There’s a great example to illustrate this. If you take it at face value, the most expensive invasive insect in the world is the Formosan subterranean termite Coptotermes formosanus estimated at US$30.2 billion/yr globally. However, that irreproducible estimate is based on a single non-sourced value of US$2.2 billion per year for the USA, a personal communication supporting a ratio of 1:4 of control:repair costs in a single US city (New Orleans), and an unvalidated assumption that the US costs represent 50% of the global total.

Read the rest of this entry »





Keeping India’s forests

9 08 2016

I’ve just returned from a short trip to the National Centre for Biological Sciences (NCBS) in Bangalore, Karnataka, one of India’s elite biological research institutes.

Panorama of a forested landscape (Savandurga monolith in the background) just south of Bangalore, Karnataka (photo: CJA Bradshaw)

Panorama of a forested landscape (Savandurga monolith in the background) just south of Bangalore, Karnataka (photo: CJA Bradshaw)

I was invited to give a series of seminars (you can see the titles here), and hopefully establish some new collaborations. My wonderful hosts, Deepa Agashe & Jayashree Ratnam, made sure I was busy meeting nearly everyone I could in ecology and evolution, and I’m happy to say that collaborations have begun. I also think NCBS will be a wonderful conduit for future students coming to Australia.

It was my first time visiting India1, and I admit that I had many preconceptions about the country that were probably unfounded. Don’t get me wrong — many of them were spot on, such as the glorious food (I particularly liked the southern India cuisine of dhosa, iddly & the various fruit-flavoured semolina concoctions), the insanity of urban traffic, the juxtaposition of extreme wealth and extreme poverty, and the politeness of Indian society (Indians have to be some of the politest people on the planet).

But where I probably was most at fault of making incorrect assumptions was regarding the state of India’s natural ecosystems, and in particular its native forests and grasslands. Read the rest of this entry »





One-two carbon punch of defaunation

30 04 2016

1-2 punchI’ve just read a well-planned and lateral-thinking paper in Nature Communications that I think readers of CB.com ought to appreciate. The study is a simulation of a complex ecosystem service that would be nigh impossible to examine experimentally. Being a self-diagnosed fanatic of simulation studies for just such purposes, I took particular delight in the results.

In many ways, the results of the paper by Osuri and colleagues are intuitive, but that should never be a reason to avoid empirical demonstration of a suspected phenomenon because intuition rarely equals fact. The idea itself is straightforward, but takes more than a few logical steps to describe: Read the rest of this entry »





Ice Age? No. Abrupt warmings and hunting together polished off Holarctic megafauna

24 07 2015
Oh shit oh shit oh shit ...

Oh shit oh shit oh shit …

Did ice ages cause the Pleistocene megafauna to go extinct? Contrary to popular opinion, no, they didn’t. But climate change did have something to do with them, only it was global warming events instead.

Just out today in Science, our long-time-coming (9 years in total if you count the time from the original idea to today) paper ‘Abrupt warmings drove Late Pleistocene Holarctic megafaunal turnover‘ led by Alan Cooper of the Australian Centre for Ancient DNA and Chris Turney of the UNSW Climate Change Research Centre demonstrates for the first time that abrupt warming periods over the last 60,000 years were at least partially responsible for the collapse of the megafauna in Eurasia and North America.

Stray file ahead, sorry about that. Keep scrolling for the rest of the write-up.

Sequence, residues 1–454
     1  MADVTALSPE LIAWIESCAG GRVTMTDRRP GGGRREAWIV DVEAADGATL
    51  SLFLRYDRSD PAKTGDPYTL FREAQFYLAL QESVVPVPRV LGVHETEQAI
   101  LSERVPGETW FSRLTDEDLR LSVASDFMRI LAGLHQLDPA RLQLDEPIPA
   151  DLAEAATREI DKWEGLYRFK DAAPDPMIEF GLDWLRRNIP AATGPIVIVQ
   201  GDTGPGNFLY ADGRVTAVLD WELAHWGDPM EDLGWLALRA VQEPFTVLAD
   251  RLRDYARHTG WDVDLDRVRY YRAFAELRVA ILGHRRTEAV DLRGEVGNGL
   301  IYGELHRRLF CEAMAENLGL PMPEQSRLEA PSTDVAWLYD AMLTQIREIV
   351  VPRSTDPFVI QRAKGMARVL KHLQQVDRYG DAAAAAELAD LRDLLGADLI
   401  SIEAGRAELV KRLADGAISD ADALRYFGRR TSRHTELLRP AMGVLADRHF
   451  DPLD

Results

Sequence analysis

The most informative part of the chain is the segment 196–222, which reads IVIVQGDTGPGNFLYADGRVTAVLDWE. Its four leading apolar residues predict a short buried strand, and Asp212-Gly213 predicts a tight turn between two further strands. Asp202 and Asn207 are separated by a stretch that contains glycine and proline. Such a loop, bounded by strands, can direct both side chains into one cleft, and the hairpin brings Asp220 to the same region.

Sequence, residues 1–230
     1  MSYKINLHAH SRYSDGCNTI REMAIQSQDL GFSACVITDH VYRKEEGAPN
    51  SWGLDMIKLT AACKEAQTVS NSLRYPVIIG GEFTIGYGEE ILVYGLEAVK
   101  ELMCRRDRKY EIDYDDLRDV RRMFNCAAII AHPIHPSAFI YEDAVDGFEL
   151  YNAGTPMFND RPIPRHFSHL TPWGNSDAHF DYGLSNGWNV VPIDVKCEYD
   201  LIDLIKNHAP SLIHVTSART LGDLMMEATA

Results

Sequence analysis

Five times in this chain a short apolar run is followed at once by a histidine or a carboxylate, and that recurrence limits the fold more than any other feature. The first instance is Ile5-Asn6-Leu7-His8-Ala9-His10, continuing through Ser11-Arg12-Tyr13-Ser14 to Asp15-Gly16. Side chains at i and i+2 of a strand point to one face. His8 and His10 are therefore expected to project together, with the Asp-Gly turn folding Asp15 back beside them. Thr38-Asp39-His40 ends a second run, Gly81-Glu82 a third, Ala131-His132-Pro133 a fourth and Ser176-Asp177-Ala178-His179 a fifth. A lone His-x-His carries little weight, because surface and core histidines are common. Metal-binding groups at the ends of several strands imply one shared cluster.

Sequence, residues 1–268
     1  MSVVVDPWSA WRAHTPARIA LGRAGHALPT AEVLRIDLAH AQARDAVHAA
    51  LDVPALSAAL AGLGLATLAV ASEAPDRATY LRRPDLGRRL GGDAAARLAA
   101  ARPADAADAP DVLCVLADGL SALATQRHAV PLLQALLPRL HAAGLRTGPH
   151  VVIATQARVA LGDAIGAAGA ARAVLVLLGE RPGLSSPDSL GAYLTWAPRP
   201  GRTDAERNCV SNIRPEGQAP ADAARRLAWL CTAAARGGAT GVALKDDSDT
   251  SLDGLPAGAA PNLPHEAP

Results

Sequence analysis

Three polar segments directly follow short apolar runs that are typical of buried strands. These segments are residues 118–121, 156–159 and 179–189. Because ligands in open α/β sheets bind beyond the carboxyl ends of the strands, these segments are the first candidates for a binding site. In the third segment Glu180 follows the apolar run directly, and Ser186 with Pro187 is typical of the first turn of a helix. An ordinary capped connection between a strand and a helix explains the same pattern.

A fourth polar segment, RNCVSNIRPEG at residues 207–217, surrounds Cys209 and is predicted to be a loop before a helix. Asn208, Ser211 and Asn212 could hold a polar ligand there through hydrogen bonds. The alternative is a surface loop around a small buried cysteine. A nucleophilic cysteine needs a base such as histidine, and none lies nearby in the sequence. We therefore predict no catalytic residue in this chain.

You might recall that I’ve been a bit sceptical of claims that climate changes had much to do with megafauna extinctions during the Late Pleistocene and early Holocene, mainly because of the overwhelming evidence that humans had a big part to play in their demise (surprise, surprise). What I’ve rejected though isn’t so much that climate had nothing to do with the extinctions; rather, I took issue with claims that climate change was the dominant driver. I’ve also had problems with blanket claims that it was ‘always this’ or ‘always that’, when the complexity of biogeography and community dynamics means that it was most assuredly more complicated than most people think.

I’m happy to say that our latest paper indeed demonstrates the complexity of megafauna extinctions, and that it took a heap of fairly complex datasets and analyses to demonstrate. Not only were the data varied – the combination of scientists involved was just as eclectic, with ancient DNA specialists, palaeo-climatologists and ecological modellers (including yours truly) assembled to make sense of the complicated story that the data ultimately revealed. Read the rest of this entry »





Human population size: speeding cars can’t stop quickly

28 10 2014

Stop breeding cartoon-Steve Bell 1994Here at ConservationBytes.com, I write about pretty much anything that has anything remotely to do with biodiversity’s prospects. Whether it is something to do with ancient processes, community dynamics or the wider effects of human endeavour, anything is fair game. It’s a little strange then that despite cutting my teeth in population biology, I have never before tackled human demography. Well as of today, I have.

The press embargo has just lifted on our (Barry Brook and my) new paper in PNAS where we examine various future scenarios of the human population trajectory over the coming century. Why is this important? Simple – I’ve argued before that we could essentially stop all conservation research tomorrow and still know enough to deal with most biodiversity problems. If we could only get a handle on the socio-economic components of the threats, then we might be able to make some real progress. In other words, we need to find out how to manage humans much more than we need to know about the particulars of subtle and complex ecological processes to do the most benefit for biodiversity. Ecologists tend to navel-gaze in this arena far too much.

So I called my own bluff and turned my attention to humans. Our question was simple – how quickly could the human population be reduced to a more ‘sustainable’ size (i.e., something substantially smaller than now)? The main reason we posed that simple, yet deceptively loaded question was that both of us have at various times been faced with the question by someone in the audience that we were “ignoring the elephant in the room” of human over-population.

Read the rest of this entry »